Follow us:

All You Can Eat

Trend-setting restaurants, Northwest cookbooks, local food news and the people who make them happen.

November 14, 2008 at 12:28 PM

What to do this weekend: make this magnificent minestrone recipe

I was never a fan of minestrone, and then, back in 2000, I came across an appealing recipe, complete with step-by-step photos, in what was then called August Home Cuisine — since rechristened Cuisine at Home. If that title doesn’t ring a bell, I’m not surprised: it’s a lesser-known magazine that, like the far more popular Cook’s Illustrated, has no ads. I’ve been subscribing to it for years and it’s a real cook’s magazine, not some armchair-traveler’s idea of a food rag. I’ve been making that minestrone ever since, and seriously: it’s well worth the time it takes (just shy of an hour) to prep. This is most definitely one of those relax-in-the-kitchen and torque-up-the-tunes kind of dishes. The kind that makes you glad to be at home, not running around doing errands, or worse — working. And when you’re done, you’ll have a big pot of soup that, ladled-up for a filling meal, looks like this:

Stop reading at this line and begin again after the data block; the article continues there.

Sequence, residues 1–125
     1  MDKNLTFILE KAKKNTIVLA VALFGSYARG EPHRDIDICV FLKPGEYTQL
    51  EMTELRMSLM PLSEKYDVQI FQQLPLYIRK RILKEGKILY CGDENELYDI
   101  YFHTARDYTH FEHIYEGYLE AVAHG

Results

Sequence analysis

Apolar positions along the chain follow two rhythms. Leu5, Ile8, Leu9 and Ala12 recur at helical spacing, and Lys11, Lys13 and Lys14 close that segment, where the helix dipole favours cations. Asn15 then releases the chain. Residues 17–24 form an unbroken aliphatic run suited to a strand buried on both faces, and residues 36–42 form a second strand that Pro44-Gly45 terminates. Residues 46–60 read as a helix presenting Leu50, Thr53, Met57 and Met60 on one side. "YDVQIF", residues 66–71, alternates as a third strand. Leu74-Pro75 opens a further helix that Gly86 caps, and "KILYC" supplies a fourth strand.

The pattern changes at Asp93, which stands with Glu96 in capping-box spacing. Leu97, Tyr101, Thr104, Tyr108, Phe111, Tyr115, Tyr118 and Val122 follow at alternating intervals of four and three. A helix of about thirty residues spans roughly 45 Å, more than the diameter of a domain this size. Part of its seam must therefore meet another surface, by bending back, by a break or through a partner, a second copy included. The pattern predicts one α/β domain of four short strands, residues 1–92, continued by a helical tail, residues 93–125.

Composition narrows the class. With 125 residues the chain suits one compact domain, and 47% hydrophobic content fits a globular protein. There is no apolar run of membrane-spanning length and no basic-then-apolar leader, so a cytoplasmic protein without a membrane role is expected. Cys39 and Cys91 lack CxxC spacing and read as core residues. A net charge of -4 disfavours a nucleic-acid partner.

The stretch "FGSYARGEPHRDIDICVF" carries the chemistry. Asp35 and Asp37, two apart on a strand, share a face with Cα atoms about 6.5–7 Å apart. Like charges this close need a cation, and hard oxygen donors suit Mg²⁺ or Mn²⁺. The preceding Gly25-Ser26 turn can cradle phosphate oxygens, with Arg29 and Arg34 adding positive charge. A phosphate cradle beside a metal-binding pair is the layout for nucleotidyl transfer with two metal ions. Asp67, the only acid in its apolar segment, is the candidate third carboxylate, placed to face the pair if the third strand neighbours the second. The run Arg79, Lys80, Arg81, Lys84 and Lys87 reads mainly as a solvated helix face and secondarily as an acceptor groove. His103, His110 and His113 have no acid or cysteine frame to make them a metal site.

You ready? Let’s go!

Nancy’s Favorite Minestrone (Thanks, Cuisine at Home!)

Saute in 2 tablespoons olive oil:

2-ounces pancetta, diced small

Stir in:

1 cup yellow onion, chopped

1 tablespoon minced garlic

Add each separately and stir:

3 cups green cabbage, chopped

2 cups green beans, trimmed (and halved if they’re too long)

1 cup celery, diced

1 cup carrots, sliced

1 cup fennel, diced

1 cup zucchini, diced

1 cup russet potatoes, peeled and diced (I use Yukon Golds)

Stir in and simmer:

4 to 5 cups beef broth (I use Swanson’s chicken broth or homemade chicken broth if I have some in the freezer)

1 can (14 1/2-ounces) diced tomatoes

1/4-cup dry red wine

1 cup cranberry beans (precooked — see: note 1)

1/4-cup orzo

1 two-ounce Parmesan rind (see: note 2)

2 tablespoons dried Italian herb blend


2 cups Swiss chard, red or green, chopped (see: note 3)

Nancy’s notes:

1) Before you do anything else, you need to pre-cook the cranberry beans (aka: borlottis, Romans or shell beans): I’ve used other dried beans in this, too, depending on what’s in my cupboard: